In this regard, hiring of Phil Bourne is the latest reaffirmation of our strength in systems biology and deepens our expertise in big data. A key to future breakthroughs will be the ability to deploy big data in non-reductionist ways—tackling, at least to some degree, the great complexity of biological systems and mechanisms of disease.

A distinctive feature of our approach to systems engineering and modeling is that our faculty in these areas all do experimental work. If you are going to model how cells and systems behave, you also have to be doing experiments to validate your model. You don’t often find modelers who themselves bridge modeling and experimentation, but this is the UVA way.

The Fourth Thread: Tissue Engineering and Regenerative Medicine

The interest of our modelers to engage in experimentation is one reason that we have been able to grow our tissue engineering and regenerative medicine thread. Former faculty members Cato Laurencin and Ed Botchwey led the department’s initial efforts in this area. More recently people like George Christ, Tom Barker, Don Griffin, Steven Caliari, and Chris Highley came here because they value our emphasis on systems biology and modeling and our quantitative approach to imaging and biomechanics.  This thread in tissue engineering, regeneration, and advanced biomanufacturing reaches back to work done by Klaus Ley on inflammation and Tom Skalak on wound healing. You can’t regenerate a tissue unless you understand inflammation and how blood vessels grow, as Shayn Peirce-Cottler will tell you.

Collaboration in BME at UVA

The department is characterized by a tight, interrelated group of strengths in cardiovascular research, imaging, systems biology and big data, tissue engineering and regenerative medicine, and biomechanics. Our ability to tie our themes together is not simply the product of circumstance, but of culture. Instead of faculty members going their own way, there is a sense of collegiality here that has been cultivated deliberately. Faculty members are hired because they possess an affinity for collegiality, as well as for their expertise. They are appreciative of the work of their counterparts and, when they see opportunities, they are eager to collaborate.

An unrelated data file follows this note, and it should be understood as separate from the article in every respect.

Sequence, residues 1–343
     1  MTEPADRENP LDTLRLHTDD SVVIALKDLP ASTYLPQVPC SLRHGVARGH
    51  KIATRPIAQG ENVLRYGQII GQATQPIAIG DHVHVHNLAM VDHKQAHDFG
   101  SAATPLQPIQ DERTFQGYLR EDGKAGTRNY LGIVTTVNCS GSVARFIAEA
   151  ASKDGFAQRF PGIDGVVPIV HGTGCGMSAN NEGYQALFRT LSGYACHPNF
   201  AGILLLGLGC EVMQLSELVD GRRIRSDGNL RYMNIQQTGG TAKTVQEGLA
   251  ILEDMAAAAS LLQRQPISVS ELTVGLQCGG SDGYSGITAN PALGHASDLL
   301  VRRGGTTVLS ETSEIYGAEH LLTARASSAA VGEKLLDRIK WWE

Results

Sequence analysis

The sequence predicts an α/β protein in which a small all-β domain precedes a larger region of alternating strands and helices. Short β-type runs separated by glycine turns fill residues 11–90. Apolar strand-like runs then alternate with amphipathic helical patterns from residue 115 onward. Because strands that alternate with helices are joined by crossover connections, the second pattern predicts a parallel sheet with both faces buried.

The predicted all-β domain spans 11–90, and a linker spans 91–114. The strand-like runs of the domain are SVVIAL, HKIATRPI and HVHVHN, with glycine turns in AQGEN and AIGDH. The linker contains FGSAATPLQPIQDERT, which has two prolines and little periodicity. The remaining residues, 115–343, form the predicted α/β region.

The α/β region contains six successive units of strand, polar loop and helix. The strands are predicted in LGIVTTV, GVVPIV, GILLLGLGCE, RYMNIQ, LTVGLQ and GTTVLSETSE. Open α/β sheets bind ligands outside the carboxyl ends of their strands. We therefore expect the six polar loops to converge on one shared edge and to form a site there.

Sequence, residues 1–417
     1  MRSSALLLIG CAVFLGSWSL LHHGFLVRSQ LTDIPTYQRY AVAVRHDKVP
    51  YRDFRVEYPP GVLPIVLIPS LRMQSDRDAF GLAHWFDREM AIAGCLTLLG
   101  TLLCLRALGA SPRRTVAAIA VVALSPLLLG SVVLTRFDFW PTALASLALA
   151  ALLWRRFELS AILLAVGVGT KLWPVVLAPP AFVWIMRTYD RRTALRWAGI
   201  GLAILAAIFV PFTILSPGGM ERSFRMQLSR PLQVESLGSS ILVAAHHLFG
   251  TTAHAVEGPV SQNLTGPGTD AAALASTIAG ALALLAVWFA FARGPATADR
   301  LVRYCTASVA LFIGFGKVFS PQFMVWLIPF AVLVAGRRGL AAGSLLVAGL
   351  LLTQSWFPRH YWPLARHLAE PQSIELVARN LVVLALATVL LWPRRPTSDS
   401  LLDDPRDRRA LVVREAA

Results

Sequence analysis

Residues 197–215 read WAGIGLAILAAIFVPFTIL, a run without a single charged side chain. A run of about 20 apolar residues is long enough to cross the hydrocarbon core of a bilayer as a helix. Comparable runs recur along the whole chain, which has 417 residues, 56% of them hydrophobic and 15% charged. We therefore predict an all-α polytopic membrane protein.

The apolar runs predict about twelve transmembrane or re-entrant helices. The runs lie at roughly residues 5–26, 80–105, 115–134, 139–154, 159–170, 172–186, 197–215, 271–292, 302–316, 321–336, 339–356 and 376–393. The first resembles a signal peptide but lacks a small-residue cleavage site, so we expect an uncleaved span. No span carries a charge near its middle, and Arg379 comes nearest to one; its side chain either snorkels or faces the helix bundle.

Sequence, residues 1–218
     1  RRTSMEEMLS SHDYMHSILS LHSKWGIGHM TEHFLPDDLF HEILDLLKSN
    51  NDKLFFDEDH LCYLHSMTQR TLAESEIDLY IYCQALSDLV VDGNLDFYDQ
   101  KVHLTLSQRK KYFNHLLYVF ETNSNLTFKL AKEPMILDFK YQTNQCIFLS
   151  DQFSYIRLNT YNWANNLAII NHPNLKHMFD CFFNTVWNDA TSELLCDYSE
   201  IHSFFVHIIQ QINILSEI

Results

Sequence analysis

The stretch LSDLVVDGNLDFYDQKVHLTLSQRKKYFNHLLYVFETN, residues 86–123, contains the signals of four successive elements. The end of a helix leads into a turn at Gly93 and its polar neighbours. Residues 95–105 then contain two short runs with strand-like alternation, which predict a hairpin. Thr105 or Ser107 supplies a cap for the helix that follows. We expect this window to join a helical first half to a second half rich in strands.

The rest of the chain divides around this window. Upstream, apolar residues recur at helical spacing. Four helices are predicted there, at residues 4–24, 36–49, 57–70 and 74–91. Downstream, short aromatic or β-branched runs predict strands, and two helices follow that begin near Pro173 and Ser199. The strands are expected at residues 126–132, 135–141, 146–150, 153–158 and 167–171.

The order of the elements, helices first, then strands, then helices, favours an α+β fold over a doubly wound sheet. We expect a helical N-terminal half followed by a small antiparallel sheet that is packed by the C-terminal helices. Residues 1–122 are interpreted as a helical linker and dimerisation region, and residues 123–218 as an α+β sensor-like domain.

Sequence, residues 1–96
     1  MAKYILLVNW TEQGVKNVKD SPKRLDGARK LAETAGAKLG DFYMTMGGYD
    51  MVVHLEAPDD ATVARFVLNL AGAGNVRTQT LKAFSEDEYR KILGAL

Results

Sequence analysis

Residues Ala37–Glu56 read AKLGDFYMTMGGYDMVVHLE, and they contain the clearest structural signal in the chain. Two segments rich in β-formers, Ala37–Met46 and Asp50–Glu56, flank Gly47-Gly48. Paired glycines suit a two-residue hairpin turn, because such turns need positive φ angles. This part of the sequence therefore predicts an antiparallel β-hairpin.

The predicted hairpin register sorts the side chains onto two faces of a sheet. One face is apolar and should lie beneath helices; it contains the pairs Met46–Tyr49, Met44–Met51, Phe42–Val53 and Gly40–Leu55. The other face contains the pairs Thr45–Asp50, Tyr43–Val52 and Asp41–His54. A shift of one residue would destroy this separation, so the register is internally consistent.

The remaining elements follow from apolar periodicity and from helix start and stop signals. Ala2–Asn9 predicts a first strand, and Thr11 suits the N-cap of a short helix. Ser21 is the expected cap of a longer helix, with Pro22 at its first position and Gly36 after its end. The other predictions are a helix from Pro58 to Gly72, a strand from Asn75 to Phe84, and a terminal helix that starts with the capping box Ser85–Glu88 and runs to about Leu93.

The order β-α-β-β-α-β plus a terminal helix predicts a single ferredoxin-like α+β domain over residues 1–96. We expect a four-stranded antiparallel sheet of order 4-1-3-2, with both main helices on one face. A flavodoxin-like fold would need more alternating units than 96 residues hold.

This collaborative environment is also due to our institutional structure, bridging as we do the Schools of Medicine and Engineering. The collaborative culture is reinforced by our co-location with the School of Medicine, making it easier to develop relationships with physicians and basic scientists and to partner with them to address unmet clinical needs and engage in discovery science. The collaborative, collegial environment has the added, critically-important advantage of leaving its mark on our students. No matter where their careers take them, our students understand the importance of being a collegial team player.

Seizing Opportunities - The Whitaker and Coulter Awards